Fred and Kathy (later Kate) enjoyed 23 wonderful years of marriage before she died of breast cancer in 1988. They raised their three kids in the Chicago suburbs.  Fred and Kate enjoyed friends, dancing, and their kids’ activities.  Fred even coached their boys baseball and basketball teams when they were young.  He supported their artistic interests as well as all three of them played instruments in school and recreational bands and two of them enjoyed high school theater. After the oldest (Fred W.) graduated high school in 1983, Fred’s job moved the rest of the family to Portland, Oregon, for a couple of years where the second son (Andy) graduated high school in 1985.  With both sons in college at the University of Illinois, Urbana-Champaign, Fred, Kate, and their youngest (Jennifer) returned to live in the Chicago area in late 1985.  This was so Kate could be closer to family since the cancer had been diagnosed earlier that year. After Jennifer’s high school graduation in 1987, she also joined her brothers at UIUC. It was an expectation of Fred and Kate that all three of their children attend college and a blessing that Kate got to see one of them graduate and the other two settled into college life before she passed.

After retiring in 1998, Fred spent much of the next 18 years traveling around the country in his minivan “Big Red” visiting family and friends.  For the first six years, he had a homebase in Florida with very good friends for the winter and traveled the country the rest of the year. He usually spent extended amounts of time with his kids (located in three corners of the country: Atlanta, Portland, and San Diego) giving him the chance to spend quality time with his seven grandchildren as they grew up.  He rented an apartment in Las Vegas for about 2 years starting in late 2004 but decided it was not a great place to live. However, he met a special lady, Mary Gordon, at a Catholic Singles Group while there. She ended up traveling with him starting in 2006 and stayed with him often in the condo he bought in Ponte Vedra Beach, Florida, in 2009. his last big traveling trip was in 2016 and some odd occurrences happened during that trip. In 2018, after some alarming behaviors were observed from near and afar, Fred and Mary were both moved to San Diego to live near Jennifer.  As it turns out, they had both begun suffering from two different dementias with Mary having Alzheimer’s and Fred having Lewy Body Dementia. With Jennifer’s assistance, they managed to live together at an independent senior living community for two years before being moved into memory care when their diseases progressed.  Although it may seem like Fred—who was so full of life—died too young, the Lewy Body Dementia caused him great anxiety, hallucinations, delusions, exhaustion, and confusion most of the time so his quick and peaceful passing (most likely from a blood clot that reached his lungs) was a blessing.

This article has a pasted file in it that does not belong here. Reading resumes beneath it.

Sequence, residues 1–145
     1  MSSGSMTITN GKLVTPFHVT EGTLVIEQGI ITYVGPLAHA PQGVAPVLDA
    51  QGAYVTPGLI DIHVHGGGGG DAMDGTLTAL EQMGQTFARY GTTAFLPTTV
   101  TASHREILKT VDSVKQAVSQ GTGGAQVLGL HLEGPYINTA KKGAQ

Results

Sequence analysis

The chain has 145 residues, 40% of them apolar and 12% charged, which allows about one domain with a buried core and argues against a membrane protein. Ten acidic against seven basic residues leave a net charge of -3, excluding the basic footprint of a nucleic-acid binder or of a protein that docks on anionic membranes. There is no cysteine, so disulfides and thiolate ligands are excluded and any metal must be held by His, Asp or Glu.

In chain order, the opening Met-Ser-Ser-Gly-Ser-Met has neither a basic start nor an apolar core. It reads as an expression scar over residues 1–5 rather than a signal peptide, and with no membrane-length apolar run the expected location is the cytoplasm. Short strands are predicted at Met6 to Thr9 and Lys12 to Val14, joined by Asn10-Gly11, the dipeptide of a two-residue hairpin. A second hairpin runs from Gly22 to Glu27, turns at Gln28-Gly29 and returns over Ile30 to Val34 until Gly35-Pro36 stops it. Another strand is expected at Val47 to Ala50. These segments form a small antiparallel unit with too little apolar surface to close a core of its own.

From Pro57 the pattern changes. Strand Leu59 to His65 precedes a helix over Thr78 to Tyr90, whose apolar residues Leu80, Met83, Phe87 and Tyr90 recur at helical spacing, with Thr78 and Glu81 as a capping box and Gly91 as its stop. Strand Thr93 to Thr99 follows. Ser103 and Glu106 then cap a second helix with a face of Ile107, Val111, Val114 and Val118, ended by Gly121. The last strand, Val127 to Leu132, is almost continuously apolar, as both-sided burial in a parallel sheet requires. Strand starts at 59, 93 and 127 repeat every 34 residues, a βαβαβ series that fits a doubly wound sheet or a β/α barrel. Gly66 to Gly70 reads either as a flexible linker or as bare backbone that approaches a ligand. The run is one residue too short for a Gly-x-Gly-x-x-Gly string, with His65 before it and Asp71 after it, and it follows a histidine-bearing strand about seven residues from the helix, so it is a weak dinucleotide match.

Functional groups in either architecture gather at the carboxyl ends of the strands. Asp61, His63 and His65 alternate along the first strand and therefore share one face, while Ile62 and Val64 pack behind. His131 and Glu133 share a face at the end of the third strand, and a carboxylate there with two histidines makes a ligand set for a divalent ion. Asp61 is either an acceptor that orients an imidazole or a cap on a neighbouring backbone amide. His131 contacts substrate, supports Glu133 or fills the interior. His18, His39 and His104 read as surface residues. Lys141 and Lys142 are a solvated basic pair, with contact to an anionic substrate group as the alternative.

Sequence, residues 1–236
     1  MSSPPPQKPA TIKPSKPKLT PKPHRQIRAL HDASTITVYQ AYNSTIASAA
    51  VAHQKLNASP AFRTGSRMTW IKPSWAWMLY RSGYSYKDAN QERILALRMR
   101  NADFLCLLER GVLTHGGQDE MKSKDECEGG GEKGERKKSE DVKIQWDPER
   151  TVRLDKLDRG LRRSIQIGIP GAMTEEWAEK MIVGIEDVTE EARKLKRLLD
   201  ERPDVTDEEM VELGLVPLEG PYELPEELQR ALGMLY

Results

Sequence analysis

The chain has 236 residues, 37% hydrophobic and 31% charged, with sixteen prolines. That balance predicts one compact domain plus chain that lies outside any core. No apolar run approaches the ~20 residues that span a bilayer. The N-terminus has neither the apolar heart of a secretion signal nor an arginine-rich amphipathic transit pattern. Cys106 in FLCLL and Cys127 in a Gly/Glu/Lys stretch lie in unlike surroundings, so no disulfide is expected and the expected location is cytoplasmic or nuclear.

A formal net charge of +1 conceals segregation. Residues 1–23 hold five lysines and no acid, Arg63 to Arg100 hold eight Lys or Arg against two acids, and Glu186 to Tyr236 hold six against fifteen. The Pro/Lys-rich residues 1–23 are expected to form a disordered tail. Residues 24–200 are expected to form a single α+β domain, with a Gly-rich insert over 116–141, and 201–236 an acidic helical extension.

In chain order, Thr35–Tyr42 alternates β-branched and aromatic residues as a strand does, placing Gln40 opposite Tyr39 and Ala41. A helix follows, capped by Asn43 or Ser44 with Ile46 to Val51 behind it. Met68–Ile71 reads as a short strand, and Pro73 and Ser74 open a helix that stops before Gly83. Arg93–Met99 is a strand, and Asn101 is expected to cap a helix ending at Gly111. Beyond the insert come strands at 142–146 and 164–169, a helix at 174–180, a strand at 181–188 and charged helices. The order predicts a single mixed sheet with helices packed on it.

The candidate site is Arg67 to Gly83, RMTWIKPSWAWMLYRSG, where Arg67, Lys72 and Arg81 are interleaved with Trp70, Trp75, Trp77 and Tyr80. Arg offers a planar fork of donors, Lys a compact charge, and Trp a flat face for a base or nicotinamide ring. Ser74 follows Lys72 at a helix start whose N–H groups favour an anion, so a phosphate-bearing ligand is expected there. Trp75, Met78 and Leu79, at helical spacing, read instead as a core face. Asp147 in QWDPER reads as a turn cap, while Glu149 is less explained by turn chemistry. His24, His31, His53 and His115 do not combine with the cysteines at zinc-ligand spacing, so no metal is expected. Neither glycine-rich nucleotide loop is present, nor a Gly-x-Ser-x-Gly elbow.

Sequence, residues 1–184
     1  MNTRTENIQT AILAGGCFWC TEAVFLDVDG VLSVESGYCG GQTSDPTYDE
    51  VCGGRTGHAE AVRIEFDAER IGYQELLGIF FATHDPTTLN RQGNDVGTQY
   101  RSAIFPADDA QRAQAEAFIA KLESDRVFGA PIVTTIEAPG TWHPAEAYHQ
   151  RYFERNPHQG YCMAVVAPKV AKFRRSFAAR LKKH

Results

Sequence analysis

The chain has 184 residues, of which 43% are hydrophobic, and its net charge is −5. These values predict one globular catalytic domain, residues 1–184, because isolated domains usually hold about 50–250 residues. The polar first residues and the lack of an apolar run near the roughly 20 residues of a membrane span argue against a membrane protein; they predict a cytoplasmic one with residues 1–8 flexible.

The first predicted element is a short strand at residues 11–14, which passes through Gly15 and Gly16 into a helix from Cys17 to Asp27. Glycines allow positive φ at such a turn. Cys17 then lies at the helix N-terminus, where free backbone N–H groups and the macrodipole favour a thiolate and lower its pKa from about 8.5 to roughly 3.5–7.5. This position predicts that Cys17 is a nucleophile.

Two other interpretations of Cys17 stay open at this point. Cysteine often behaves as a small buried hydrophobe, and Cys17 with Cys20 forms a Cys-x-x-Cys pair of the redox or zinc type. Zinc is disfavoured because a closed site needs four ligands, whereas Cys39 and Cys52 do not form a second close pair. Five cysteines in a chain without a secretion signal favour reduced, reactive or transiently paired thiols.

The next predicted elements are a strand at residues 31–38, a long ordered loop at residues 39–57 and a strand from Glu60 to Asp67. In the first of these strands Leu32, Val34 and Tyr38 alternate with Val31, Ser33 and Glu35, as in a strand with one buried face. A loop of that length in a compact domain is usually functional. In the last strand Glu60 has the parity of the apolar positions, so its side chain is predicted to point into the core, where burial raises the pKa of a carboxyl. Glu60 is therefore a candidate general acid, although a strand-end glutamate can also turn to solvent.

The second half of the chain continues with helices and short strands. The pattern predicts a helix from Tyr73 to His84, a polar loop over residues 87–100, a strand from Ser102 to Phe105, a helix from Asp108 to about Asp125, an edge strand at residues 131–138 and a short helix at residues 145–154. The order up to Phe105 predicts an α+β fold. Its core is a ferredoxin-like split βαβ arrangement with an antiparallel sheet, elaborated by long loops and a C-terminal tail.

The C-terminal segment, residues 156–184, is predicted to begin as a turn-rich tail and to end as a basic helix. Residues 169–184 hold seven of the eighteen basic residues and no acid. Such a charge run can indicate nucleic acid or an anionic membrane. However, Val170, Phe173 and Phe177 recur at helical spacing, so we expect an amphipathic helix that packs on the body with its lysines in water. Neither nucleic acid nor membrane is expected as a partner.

Fred was preceded in death by his parents, Frederick D. Jewell and Alice S. Jewell; and, his wife, Kathleen K. Jewell. He is survived by his brother, Allan (Nola) Jewell; his sons, Frederick W. (Julie) Jewell from and Andrew A. (Kelley) Jewell; his daughter, Jennifer (John) Demaree; and his seven grandchildren: Andrew M., Maddie, Max, Rose, Lucas (Maddy), Jonathan, and Joanna. He also left behind Mary, who is now living in a new memory care community in Flagstaff, near her son.

If you wish to make a donation in Fred’s memory, please make one to the Lewy Body Dementia Association (LBDA) at or 912 Killian Hill, S. W., Lilburn, GA 30047.

To order memorial trees or send flowers to the family in memory of Frederick J. Jewell, please visit our flower store.